On ‘Hygrade’ and ‘Sunday Morning’, the pace of the songs increase, abandoning the soulfulness for hyperactive afrobeat sound. Alex Wondergem’s productions are more aggressive and rightly loud, to match the themes of songs. ‘Hygrade’ is unorthodox, as it wasn’t a subject I expected Eli sing about- calling for the legalization of weed. An interview granted by Kwaw Kesse after his running with the law over smoking weed preceded Eli’s ‘legalize it’ call. In a style reminiscent of Fela Kuti, Eli, singing in pidgin, chants ‘the thing, e dey everywhere for here…we know the power it get’. He points out the irony of the ban-the people with the power are the abusers of the drug.

‘Sunday Morning’ samples one of Joe Mensah’s famous instrumentals (it was a signature tune for Viasat One). On this 1:24 mins, Eli celebrates Ghana. ‘Sunday Morning’ is a call to all immigrants to return home for ‘Ghana better pass any place in the whole world’. He admonishes those with thoughts of travelling to rescind their decision: ‘make you no leave go chop shit for Yankee (US)’. ‘Sunday Morning’ is your grass-is-not-green-on-the-other- side’ advice pack. Afro-trap influences envelope ‘Hueman’, a song about defying labels (‘they want to identify me but that’s a story hard to write’); being themselves and the many things fans/world doesn’t see (nobody know the things e dey do me) features singer/rapper Worlasi and Adomaa.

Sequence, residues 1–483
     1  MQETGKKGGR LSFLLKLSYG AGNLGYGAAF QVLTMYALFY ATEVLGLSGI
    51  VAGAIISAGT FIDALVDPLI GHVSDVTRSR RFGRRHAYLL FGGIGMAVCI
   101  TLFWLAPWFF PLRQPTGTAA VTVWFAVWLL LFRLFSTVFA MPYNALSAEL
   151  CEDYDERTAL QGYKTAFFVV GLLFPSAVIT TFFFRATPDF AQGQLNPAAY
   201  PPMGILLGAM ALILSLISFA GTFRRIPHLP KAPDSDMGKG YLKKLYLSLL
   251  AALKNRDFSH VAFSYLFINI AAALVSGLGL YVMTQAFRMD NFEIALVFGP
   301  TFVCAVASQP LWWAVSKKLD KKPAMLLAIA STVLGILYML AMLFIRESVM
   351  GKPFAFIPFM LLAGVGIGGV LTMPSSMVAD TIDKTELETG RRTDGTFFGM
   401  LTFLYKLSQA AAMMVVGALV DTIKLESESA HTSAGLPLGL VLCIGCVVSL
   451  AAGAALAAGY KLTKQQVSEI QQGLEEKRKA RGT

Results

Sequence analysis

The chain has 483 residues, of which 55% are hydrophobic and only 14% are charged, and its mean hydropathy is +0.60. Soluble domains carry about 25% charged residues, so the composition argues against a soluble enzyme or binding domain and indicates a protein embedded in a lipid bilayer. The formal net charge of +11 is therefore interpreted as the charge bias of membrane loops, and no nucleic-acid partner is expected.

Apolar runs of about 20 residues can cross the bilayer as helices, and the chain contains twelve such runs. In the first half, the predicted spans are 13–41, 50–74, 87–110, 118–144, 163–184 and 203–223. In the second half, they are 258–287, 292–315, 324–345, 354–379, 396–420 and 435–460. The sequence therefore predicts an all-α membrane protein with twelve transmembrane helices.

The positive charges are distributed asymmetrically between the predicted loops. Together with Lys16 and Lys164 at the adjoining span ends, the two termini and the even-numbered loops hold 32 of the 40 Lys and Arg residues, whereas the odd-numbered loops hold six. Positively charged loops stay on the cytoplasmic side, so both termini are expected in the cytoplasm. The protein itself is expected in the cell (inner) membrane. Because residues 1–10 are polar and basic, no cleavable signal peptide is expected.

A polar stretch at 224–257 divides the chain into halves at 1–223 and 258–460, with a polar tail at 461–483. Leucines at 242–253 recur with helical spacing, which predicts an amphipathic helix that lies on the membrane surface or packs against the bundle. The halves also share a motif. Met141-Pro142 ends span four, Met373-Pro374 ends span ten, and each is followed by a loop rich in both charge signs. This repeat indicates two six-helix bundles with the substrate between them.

Good art is when it comes from the heart. Good art is what impacts society and life positively. Eli Muzik and Alex Wondergem perhaps set out to reflect on this country and its people but ended up with an EP that speaks the minds of many as well.  In its broad lyrics, interesting themes and vibrant grooves lies the appeal of the tape.